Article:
The European history demonstrates this totally.
The first problem is that each country adopts a beggar thy neighbor approach in which they try to solve it by balancing their own books. And of course there is no real local solution to eliminating the carbon in the first place, anymore than there is an internal solution for North American crop production surplusess.
The only viable solution that can be applied universally is the use of biochar as a soil builder everywhere. The benefits are themselves huge and worthwhile in their own right. The measurement can be done comfortably every five years or so to a high level of precision. Even if the operator tries gaming the system, in the long run it will naturally average out.
Most important, it is done just as easy by those prepared to use hand labor instead of a lot of heavy equipment.
I would go so far as to make it the only accepted carbon sequestration system at all. The reason for this is that alternatives provide no secondary benefit whatsoever unless it is to encourage more oil to the surface. Try and argue for that one.
If the carbon market woke up and discovered that the only offset to a carbon problem is a patch of enhancible farmland, then we would have an agricultural land rush that would make the populating of the prairies a small time event. There is money for this and two billion folks with shovels waiting for a little bit of financial support from us.
Two billion new farmers will turn into two billion new land holders and have families who are part of the modern world, just by turning the tropical soils into fertile crop lands known as terra mulato.
Yes folks, it really can be just that easy. Except for all the self serving farm lobbies in the developed world that fear a level playing field of any kind and will pay huge money to queer what common sense demands.
As an aside, both Canada and particularly the US could adopt a biochar protocol in the corn growing lands in particular as a method of restoring soils and rebuilding those soils lost in the past century. We would then be spending the next century rebuilding those soils back to their original health.
Therefore if industry found that a large chunk of their problem got solved this way, it is pretty easy to see what they will do to get rid of the rest profitably in tropical latifundia..
Canada to establish carbon trading market
by Staff Writers
Ottawa (AFP) June 10, 2009
Canada announced Wednesday plans for a carbon market that could eventually link up with nascent EU and proposed US markets to form a global system for carbon pollution trading.
The local market would provide Canadian companies and individuals an opportunity to reduce their carbon emissions, which are linked to global warming.
"It does so by establishing a price for carbon in Canada -- something that has never been done before in this country," Environment Minister Jim Prentice said in a speech to the Economic Club of Canada.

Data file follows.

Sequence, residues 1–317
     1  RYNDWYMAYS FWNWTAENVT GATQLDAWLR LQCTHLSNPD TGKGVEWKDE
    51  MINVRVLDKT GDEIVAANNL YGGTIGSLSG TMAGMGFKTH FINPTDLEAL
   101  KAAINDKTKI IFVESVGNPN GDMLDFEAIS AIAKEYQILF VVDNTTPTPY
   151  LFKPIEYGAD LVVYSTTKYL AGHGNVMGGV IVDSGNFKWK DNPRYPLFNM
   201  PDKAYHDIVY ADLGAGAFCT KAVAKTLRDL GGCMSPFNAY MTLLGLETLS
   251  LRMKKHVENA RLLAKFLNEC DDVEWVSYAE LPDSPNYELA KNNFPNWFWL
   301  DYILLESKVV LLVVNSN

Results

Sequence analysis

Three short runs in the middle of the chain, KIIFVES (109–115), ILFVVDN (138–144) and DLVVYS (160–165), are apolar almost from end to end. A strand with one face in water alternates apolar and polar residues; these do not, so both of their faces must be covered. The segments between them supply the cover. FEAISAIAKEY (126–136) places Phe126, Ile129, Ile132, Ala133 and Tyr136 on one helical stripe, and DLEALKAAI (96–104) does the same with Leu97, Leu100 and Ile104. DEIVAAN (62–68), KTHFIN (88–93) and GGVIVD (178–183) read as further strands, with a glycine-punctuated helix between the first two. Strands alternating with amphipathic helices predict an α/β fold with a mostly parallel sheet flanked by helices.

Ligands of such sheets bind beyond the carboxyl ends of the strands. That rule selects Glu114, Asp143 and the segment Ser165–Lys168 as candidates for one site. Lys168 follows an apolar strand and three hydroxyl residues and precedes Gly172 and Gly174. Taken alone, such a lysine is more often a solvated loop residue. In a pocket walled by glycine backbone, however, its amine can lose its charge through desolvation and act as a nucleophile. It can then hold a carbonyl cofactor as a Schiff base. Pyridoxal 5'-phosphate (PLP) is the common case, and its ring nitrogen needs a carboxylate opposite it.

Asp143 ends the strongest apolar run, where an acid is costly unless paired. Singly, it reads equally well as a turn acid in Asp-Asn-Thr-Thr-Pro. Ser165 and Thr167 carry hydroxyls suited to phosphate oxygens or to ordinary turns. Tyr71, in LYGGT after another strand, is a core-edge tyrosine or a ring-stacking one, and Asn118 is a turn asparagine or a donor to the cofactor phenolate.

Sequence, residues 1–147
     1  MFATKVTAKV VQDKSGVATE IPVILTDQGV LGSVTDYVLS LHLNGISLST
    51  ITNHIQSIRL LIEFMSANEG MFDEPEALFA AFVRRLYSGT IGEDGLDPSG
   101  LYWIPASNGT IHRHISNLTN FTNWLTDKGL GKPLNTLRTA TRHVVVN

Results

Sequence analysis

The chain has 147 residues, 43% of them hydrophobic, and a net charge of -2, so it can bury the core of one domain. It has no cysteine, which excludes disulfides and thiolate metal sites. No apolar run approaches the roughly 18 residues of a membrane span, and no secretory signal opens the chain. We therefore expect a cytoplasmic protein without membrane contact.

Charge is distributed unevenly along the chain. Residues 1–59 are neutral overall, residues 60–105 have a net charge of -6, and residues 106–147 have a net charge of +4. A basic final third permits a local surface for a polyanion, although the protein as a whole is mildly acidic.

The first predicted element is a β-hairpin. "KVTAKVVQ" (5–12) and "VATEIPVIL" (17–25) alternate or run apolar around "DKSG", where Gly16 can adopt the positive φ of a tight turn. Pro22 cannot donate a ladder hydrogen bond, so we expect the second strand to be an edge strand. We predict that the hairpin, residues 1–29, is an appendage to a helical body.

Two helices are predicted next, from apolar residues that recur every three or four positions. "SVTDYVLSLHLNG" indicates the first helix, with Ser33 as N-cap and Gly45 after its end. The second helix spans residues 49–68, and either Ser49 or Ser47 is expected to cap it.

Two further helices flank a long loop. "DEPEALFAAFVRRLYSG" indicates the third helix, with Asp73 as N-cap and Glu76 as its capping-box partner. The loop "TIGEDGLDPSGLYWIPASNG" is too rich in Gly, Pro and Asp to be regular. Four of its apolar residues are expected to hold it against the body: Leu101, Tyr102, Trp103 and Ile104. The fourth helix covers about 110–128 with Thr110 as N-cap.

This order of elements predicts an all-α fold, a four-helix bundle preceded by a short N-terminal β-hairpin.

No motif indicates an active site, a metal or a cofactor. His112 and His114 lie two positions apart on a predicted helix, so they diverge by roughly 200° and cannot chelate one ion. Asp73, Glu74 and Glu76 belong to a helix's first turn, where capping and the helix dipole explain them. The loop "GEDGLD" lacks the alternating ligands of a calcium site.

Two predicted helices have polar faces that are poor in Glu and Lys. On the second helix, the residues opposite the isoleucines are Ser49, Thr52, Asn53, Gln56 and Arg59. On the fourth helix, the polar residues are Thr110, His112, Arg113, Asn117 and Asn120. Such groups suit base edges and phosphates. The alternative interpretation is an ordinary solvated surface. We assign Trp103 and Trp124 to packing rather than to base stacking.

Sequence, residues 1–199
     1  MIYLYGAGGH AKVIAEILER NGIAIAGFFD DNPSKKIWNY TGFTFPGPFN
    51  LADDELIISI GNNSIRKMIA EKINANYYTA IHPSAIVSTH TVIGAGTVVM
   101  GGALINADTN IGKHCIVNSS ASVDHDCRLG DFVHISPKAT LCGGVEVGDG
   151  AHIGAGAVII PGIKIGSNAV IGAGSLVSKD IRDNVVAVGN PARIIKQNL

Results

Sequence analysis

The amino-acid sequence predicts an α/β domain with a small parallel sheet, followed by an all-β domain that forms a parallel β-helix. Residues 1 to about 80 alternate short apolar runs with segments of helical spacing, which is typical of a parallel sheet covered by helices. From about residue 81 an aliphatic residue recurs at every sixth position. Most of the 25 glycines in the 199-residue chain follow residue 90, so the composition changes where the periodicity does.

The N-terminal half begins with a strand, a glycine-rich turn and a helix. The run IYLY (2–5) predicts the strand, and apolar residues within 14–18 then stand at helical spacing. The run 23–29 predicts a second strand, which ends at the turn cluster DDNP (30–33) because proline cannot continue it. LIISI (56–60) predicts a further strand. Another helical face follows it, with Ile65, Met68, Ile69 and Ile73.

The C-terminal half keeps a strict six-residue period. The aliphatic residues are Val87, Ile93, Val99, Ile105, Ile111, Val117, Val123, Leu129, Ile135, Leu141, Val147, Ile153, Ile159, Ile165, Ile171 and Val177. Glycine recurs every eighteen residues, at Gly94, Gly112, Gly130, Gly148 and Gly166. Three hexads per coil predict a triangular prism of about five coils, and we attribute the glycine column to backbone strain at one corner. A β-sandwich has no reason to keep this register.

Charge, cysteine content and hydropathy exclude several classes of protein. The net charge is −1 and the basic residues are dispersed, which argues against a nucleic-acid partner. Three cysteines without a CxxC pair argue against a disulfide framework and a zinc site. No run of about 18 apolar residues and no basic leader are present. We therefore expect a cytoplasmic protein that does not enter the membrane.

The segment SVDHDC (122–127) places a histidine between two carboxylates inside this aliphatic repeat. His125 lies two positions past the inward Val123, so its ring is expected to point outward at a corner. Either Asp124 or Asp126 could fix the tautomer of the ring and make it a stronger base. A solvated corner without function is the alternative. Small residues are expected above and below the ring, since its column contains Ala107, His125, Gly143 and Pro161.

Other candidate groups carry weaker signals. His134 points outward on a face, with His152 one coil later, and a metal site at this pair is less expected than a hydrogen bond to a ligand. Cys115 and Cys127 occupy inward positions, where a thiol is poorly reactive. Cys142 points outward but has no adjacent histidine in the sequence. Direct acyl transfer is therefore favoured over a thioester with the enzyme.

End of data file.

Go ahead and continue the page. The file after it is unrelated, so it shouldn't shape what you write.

"Anyone wanting to offset their emissions will be able to purchase credits -- from small businesses, to individuals, to travelers," he said.
"Every offset credit will represent a real and verified emission reduction, equal to the equivalent of one tonne of carbon dioxide."
Rules and requirements for generating offset credits, including registration of projects and issuance of actual credits and an explanation of how CO2 cuts would be verified, are to be published after a 60-day public consultation.
"Projects that could qualify for offsets span the economy," said Prentice, "from farmers using reduced or no-till techniques to store more carbon dioxide in their fields, to wind turbines producing clean electricity using only the wind, to landfill sites that are able to turn captured methane into usable fuel."
The new system would also target emissions from activities and sectors not covered by planned limits on big industrial polluters, he said.
Under Europe's nascent Emissions Trading System, the EU allocates carbon polluting allowances to member states to meet its obligations under the UN's Kyoto Protocol.
The states then assign quotas to those industries that belch most CO2 into the atmosphere.
Companies that emit less than their allowance can sell the difference on the market to companies that exceed their limits, thus providing a financial carrot to everyone to become greener.
The ETS is touted by supporters as a model for US President Barack Obama's own cap-and-trade scheme and others seeking to cut greenhouse gases and boost green technologies.
However, since its inception it has twice crashed.
In 2007, carbon quotas, set during an initial two-year test period, turned out to be far too generous. After a months-long slump, prices picked up when governments set tougher targets for the 2008-2012 period.
The price of a tonne of carbon dioxide (CO2) or its equivalent again nosedived this month as big European polluters, responding to plummeting demand for their products in a global recession, emitted less.
In December, the United Nations is to hold its 15th climate change conference in Copenhagen.
The summit aims to forge a new global agreement on climate change, to take over from the Kyoto Protocol after it expires in 2012.
"Failure to make progress in Copenhagen is simply not an option," Prentice also commented.
"The consequences are too great, the stakes too high, not to bring to that meeting our best efforts and unwavering resolve," he said.